825 Pacific Passive House Wins VRCA Silver Award


British Columbia’s tallest Passive House project, 825 Pacific Passive House is the first arts and culture hub in Canada to achieve the stringent performance standard.

Cascadia Windows & Doors was recently recognized with a 2022 Silver Award by the Vancouver Regional Construction Association (VRCA) for the company’s work on 825 Pacific Passive House. In its 33rd year, the award recognizes projects from across metro Vancouver in the categories of environment, sustainability, and heritage.

“We’re very proud to be a recipient of the VRCA 2022 Silver Awards,” says Mike Battistel, president of Cascadia Windows & Doors. “It’s fantastic to see so many innovative, high-performance buildings being recognized and celebrated.”

Featuring over 3,500 square feet of Cascadia’s award-winning Universal Series™ Passive House certified windows, the seven-story 825 Pacific Street Passive House project is the tallest Passive House certified building in BC, and the first Passive House certified arts and culture hub in Canada.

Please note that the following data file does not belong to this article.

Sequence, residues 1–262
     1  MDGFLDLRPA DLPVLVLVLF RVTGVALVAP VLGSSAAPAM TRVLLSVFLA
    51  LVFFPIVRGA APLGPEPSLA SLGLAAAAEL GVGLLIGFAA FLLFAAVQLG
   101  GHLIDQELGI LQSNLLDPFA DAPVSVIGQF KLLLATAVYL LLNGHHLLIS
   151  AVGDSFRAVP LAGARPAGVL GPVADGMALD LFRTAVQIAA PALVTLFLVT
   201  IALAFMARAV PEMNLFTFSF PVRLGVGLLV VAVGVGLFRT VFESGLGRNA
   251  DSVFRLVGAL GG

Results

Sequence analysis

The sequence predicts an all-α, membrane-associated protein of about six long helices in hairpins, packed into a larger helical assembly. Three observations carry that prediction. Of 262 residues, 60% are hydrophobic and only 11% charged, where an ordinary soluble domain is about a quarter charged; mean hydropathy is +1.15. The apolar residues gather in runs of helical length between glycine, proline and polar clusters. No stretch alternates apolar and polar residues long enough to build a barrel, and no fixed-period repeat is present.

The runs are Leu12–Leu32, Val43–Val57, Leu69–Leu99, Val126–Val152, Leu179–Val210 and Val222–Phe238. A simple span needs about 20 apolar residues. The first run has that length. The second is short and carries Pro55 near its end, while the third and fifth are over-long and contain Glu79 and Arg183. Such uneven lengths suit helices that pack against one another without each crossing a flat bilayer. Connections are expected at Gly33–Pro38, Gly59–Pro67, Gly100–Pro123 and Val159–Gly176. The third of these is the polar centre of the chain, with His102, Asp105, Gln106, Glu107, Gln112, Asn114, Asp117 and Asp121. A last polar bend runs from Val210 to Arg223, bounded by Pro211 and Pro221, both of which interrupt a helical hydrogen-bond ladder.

Owned by the City of Vancouver and designed by IBI Group, with Ledcor Construction acting as general contractor, the all-electric, near-zero-emission facility provides affordable rental space to artists and cultural nonprofits.

“It’s exciting to see multi-family and commercial Passive House projects start to gain traction in markets across North America,” says Battistel. “As cities and consumers look to reduce the environment impacts of buildings—and just make buildings more comfortable—Passive House is really coming into the mainstream.”

Recent projects such as the University of Victoria (UVic) student residence & dining hall, the Gastown Childcare Centre in Vancouver and the Ken Soble Tower EnerPHit project in Hamilton, Ontario, are all Passive House projects making international headlines. But the increase in Passive House projects didn’t happen overnight.

“There’s been a concerted effort by manufactures, multiple levels of government and industry associations to help educate and promote the Passive House approach,” explains Battistel. “Associations like Passive House Canada have done a great job of education and advocacy within the construction industry, while community groups like Passive House Accelerator have brought together thousands of people interested in creating more efficient buildings.”

But it’s not just the efficiency that’s driving the shift towards Passive House buildings—it’s also the costs.

“As knowledge about Passive House projects has increased, costs to build these high-performance buildings have been falling,” says Battistel. “If you take a holistic approach to building performance—not just a line-by-line view—you can not only get better value for your money, but you can save up to 90% on operating costs of that building.”

Next article
10 Fresh Workplace Designs - Archinet